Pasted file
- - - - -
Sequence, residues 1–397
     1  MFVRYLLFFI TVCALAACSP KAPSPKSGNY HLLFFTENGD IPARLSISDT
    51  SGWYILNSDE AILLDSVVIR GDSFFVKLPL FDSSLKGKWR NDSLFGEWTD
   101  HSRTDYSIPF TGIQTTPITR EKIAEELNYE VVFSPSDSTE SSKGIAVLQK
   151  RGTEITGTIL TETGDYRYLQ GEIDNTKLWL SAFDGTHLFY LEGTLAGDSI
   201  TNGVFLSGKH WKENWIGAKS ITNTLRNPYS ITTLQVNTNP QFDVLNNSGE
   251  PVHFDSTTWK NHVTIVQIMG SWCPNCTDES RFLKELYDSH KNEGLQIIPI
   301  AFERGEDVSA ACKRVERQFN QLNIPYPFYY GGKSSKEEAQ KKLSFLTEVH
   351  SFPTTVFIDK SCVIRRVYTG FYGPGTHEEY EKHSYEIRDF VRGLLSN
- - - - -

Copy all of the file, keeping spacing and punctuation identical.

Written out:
Sequence, residues 1–397
     1  MFVRYLLFFI TVCALAACSP KAPSPKSGNY HLLFFTENGD IPARLSISDT
    51  SGWYILNSDE AILLDSVVIR GDSFFVKLPL FDSSLKGKWR NDSLFGEWTD
   101  HSRTDYSIPF TGIQTTPITR EKIAEELNYE VVFSPSDSTE SSKGIAVLQK
   151  RGTEITGTIL TETGDYRYLQ GEIDNTKLWL SAFDGTHLFY LEGTLAGDSI
   201  TNGVFLSGKH WKENWIGAKS ITNTLRNPYS ITTLQVNTNP QFDVLNNSGE
   251  PVHFDSTTWK NHVTIVQIMG SWCPNCTDES RFLKELYDSH KNEGLQIIPI
   301  AFERGEDVSA ACKRVERQFN QLNIPYPFYY GGKSSKEEAQ KKLSFLTEVH
   351  SFPTTVFIDK SCVIRRVYTG FYGPGTHEEY EKHSYEIRDF VRGLLSN